Handling Memory  Calicut Kannur Bangalore Cochin

Plug-in developers can take advantage of the memory features provided in the Plug-in API to allocate and free memory.

  1. Use the NPN_MemAlloc method to allocate memory from the browser.
  2. Use the NPN_MemFree method to free memory allocated with NPN_MemAlloc.
  3. Use the NPN_MemFlush method to free memory (Mac OS only) before calling memory-intensive Mac Toolbox calls.

Sending and Receiving Streams

Streams are objects that represent URLs and the data they contain. A stream is associated with a specific instance of a plug-in, but a plug-in can have more than one stream per instance. Streams can be produced by the browser and consumed by a plug-in instance, or produced by an instance and consumed by the browser. Each stream has an associated MIME type identifying the format of the data in the stream.

Streams produced by the browser can be automatically sent to the plug-in instance or requested by the plug-in. The plug-in can select one of these transmission modes:

  1. Normal mode: the browser sends the stream data sequentially to the plug-in as the data becomes available.
  2. Random-access mode: the browser allows the plug-in to request specific ranges of bytes from anywhere in the stream. This mode requires server support.
  3. File mode: the browser saves the data to a local file in cache and passes that file path to the plug-in.

Streams produced by the plug-in to send to the browser are like normal-mode streams produced by the browser, but in reverse. In the browser's normal-mode streams, the browser calls the plug-in to inform it that the stream was created and to push more data. In streams produced by the plug-in, by contrast, the plug-in calls Netscape functions to create a stream, push data into it, and delete it.

Working with URLs

The Plug-in API provides methods that plug-ins can use to retrieve data from or post data to a URL anywhere on the network, provide hyperlinks to other documents, post form data to CGI scripts using HTTP, or upload files to a remote server using FTP.

  1. Use NPN_GetURL to request the browser to load a URL into a particular browser window or frame for display, or to deliver the data of that URL to the plug-in instance in a new stream.
  2. The NPN_GetURLNotify function operates like NPN_GetURL, except that it notifies the plug-in of the result when the operation completes.
  3. Use NPN_PostURL to send data to a URL from a memory buffer or file. The result from the server can also be sent to a particular browser window or frame for display, or delivered to the plug-in instance in a new stream.
  4. The NPN_PostURLNotify function operates like NPN_PostURL, except that it notifies the plug-in of the result when the operation completes.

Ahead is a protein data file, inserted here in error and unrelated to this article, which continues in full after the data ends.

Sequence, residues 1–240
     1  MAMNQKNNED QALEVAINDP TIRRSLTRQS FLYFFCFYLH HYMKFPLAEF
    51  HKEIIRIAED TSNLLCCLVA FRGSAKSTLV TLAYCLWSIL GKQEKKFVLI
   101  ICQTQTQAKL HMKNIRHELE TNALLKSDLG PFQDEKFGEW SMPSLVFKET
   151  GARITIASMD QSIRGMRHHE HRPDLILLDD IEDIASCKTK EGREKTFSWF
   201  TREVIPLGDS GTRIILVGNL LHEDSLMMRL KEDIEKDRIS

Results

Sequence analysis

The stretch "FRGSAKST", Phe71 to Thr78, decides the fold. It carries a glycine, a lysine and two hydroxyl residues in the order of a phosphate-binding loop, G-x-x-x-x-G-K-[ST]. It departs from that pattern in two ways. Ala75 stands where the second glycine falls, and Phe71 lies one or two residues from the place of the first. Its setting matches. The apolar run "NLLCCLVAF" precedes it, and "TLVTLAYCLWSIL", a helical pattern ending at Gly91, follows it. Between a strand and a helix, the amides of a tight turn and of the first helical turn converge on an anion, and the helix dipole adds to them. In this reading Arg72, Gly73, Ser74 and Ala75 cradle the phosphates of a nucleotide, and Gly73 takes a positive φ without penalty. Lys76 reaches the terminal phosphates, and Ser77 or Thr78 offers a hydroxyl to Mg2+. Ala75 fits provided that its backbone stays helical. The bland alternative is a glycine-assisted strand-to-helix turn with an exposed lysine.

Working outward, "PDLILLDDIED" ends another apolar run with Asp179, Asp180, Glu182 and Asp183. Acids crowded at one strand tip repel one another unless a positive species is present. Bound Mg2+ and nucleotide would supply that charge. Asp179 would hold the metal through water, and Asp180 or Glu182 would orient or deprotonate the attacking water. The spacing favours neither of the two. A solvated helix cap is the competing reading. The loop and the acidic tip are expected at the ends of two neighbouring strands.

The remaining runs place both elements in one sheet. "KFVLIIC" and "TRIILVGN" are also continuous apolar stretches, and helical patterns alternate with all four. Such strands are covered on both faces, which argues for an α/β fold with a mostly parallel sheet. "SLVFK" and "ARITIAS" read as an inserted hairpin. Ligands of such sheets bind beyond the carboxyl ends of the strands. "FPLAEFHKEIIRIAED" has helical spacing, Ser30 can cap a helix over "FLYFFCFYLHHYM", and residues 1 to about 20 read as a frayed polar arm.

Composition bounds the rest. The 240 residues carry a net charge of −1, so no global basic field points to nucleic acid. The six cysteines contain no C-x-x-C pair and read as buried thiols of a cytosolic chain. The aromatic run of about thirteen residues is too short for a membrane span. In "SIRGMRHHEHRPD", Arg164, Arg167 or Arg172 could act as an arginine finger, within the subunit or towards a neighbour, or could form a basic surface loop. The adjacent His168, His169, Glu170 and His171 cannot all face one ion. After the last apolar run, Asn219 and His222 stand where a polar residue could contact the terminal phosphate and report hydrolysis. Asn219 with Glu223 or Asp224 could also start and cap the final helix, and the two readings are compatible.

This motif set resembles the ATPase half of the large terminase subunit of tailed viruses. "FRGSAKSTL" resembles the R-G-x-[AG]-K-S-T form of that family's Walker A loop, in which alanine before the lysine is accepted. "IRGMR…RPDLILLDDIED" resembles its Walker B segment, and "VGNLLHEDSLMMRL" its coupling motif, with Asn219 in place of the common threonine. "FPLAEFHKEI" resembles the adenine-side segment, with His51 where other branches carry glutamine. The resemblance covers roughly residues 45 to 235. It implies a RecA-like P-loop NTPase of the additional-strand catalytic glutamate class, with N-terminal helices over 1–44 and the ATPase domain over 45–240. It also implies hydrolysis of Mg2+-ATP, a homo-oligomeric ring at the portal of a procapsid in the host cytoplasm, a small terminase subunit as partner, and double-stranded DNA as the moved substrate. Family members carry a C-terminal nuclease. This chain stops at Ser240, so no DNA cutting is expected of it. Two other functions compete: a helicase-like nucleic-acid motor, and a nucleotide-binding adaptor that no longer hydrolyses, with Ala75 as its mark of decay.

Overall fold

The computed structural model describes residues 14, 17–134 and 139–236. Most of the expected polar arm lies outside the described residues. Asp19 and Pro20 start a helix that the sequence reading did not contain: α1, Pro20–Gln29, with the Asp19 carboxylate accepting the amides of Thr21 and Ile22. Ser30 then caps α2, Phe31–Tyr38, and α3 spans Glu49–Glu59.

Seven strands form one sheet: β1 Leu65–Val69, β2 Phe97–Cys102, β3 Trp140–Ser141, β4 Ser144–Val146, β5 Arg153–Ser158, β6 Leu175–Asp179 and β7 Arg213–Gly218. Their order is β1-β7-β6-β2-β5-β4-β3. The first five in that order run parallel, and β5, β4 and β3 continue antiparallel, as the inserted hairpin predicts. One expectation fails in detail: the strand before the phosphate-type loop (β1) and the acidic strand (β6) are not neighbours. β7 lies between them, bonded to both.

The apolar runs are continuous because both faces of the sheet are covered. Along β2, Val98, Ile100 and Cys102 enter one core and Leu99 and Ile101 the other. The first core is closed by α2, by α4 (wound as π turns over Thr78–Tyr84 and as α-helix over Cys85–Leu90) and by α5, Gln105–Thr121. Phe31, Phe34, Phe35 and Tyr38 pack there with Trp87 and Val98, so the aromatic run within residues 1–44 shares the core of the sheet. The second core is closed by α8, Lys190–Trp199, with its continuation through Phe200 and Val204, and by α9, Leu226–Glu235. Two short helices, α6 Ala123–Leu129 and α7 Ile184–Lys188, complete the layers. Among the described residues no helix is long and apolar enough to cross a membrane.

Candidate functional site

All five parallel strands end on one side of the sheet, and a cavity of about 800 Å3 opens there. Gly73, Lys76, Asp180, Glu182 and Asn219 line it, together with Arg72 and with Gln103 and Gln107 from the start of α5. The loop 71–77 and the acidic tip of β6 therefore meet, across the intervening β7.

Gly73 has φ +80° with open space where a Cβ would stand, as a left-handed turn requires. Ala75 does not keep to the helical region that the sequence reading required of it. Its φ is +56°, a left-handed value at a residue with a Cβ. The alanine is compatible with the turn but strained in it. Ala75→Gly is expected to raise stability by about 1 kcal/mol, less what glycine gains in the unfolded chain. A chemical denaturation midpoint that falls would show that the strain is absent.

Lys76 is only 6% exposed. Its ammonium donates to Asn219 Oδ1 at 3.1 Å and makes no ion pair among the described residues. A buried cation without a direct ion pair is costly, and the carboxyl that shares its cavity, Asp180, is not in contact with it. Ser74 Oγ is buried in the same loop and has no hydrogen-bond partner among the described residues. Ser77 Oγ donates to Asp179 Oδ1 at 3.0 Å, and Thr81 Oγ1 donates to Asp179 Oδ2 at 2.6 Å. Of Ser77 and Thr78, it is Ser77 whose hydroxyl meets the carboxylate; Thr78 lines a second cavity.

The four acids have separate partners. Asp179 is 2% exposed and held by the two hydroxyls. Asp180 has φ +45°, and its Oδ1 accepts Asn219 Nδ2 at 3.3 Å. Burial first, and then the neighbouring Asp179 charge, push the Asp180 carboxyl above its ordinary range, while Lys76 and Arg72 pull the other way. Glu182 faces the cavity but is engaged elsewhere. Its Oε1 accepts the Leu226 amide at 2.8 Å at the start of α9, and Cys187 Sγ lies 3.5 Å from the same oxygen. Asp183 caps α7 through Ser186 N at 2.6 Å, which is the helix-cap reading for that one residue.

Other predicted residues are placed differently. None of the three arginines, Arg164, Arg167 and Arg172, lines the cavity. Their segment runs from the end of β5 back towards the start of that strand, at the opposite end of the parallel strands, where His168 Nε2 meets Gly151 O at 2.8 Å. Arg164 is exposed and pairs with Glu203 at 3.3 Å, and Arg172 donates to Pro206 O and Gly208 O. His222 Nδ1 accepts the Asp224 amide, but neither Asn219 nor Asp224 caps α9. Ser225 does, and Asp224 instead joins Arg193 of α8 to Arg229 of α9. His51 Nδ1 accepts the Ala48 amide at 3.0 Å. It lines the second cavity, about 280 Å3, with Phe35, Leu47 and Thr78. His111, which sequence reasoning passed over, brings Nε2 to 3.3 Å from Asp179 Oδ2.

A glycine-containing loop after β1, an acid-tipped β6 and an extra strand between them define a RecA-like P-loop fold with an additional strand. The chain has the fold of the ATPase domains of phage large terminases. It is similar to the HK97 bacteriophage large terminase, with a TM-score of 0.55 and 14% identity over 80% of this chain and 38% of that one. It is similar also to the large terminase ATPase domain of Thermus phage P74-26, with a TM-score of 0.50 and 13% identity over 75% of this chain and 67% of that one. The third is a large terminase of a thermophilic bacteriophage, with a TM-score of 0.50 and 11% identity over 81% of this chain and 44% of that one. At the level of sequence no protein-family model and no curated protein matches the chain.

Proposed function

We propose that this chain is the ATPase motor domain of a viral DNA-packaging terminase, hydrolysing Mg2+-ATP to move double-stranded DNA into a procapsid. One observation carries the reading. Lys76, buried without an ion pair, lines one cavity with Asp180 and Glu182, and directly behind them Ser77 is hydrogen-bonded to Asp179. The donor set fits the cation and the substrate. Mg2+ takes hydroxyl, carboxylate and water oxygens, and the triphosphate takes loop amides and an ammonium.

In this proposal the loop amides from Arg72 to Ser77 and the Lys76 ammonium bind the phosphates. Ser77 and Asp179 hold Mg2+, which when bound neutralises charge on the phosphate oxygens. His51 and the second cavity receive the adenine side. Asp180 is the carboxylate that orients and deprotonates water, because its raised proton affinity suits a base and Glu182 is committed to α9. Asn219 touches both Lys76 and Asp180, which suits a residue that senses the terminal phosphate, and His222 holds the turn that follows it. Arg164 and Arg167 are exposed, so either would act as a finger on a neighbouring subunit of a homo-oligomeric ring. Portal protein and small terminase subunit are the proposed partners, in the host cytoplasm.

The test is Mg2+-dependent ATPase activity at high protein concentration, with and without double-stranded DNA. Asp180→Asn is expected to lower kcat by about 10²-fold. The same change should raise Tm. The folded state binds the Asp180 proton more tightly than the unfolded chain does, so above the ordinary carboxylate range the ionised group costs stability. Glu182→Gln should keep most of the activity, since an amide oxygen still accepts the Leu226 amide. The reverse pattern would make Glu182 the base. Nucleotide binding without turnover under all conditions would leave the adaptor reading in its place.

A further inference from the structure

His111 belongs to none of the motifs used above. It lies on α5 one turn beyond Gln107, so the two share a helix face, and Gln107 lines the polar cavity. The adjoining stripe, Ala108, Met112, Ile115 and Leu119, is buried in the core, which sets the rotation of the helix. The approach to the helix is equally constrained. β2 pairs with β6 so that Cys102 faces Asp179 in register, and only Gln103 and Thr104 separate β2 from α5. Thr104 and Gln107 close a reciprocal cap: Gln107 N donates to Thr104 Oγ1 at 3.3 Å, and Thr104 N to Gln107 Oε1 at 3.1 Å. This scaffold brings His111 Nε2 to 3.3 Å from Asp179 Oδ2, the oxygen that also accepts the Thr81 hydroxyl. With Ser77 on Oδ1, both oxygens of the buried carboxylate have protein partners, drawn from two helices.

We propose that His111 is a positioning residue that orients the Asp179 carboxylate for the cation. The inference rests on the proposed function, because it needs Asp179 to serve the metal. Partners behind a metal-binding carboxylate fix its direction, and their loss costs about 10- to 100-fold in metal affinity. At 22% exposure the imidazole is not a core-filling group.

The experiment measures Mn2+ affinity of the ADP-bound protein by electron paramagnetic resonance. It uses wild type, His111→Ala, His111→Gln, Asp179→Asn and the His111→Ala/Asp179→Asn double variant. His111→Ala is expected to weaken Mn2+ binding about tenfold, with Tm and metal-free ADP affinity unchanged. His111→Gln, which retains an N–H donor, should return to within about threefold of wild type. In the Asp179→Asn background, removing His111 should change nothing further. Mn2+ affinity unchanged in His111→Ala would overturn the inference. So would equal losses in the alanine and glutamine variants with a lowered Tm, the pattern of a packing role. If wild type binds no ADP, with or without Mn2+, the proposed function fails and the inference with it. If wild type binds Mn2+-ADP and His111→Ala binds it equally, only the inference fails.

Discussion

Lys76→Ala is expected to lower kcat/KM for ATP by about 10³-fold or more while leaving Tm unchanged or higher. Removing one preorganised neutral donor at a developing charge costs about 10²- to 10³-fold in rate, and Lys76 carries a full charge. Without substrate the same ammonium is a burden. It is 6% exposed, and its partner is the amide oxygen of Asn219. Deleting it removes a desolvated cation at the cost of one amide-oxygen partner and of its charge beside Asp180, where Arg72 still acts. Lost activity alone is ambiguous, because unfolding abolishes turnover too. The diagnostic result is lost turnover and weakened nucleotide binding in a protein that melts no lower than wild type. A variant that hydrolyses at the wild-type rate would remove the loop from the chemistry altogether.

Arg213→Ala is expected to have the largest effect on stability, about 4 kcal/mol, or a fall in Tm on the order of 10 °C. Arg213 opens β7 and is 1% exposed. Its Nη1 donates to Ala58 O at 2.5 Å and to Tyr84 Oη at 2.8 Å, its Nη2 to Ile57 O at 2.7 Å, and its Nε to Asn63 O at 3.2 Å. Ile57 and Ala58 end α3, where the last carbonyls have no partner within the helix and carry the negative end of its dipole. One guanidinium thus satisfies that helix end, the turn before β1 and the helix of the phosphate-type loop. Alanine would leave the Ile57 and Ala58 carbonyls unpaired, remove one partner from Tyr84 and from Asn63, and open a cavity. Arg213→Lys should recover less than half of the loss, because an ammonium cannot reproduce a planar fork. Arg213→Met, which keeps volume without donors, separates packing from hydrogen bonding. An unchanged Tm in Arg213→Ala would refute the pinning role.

Getting Version and UI Information  Calicut Kannur Bangalore Cochin

The Netscape group of Plug-in API methods provides some basic services to the plug-in. You can use these Netscape methods:

  1. To identify the browser in which your plug-in is displayed: Use the NPN_UserAgent method to read this information.
  2. To determine whether plug-in and the browser versions are compatible and possibly provide alternative processing for different versions: Use the NPN_Version method to check for changes in major and minor version numbers.

Displaying Messages on the Status Line

Functionally, your plug-in is seamlessly integrated into the browser and operates as an addition to current browser capabilities. To make the user feel that the plug-in is part of the the browser user interface, your plug-in can emulate the browser behavior by providing status line messages. Use the NPN_Status method to display a message on the status line.

Making Plug-ins Scriptable

Scriptable plug-ins are plug-ins that have been extended to provide methods that can be called from JavaScript and the DOM when accessed through the object or embed element.

Building Plug-ins  Calicut Kannur Bangalore Cochin

Once you have added the special code and additional files to make your plug-in scriptable as described in the previous section, the build process is quite straightforward. In addition to the DLL that goes in the plugins folder, you must also place a type library and an extra header file in the appropriate places in your application directory. This section describes those extra scriptability steps in more detail.

Building NativeScript plugins is a great way to learn more about how NativeScript works, to create functionality that you can share across applications, and to leverage some really powerful functionality - such as the ability to use native iOS and Android frameworks.

Installing Plug-ins

Plug-ins should not be installed into the Firefox directory. The plug-in installer should either package the plug-in into an extension and install it using normal extension installation practices, or install the plug-in to the system standard install locations.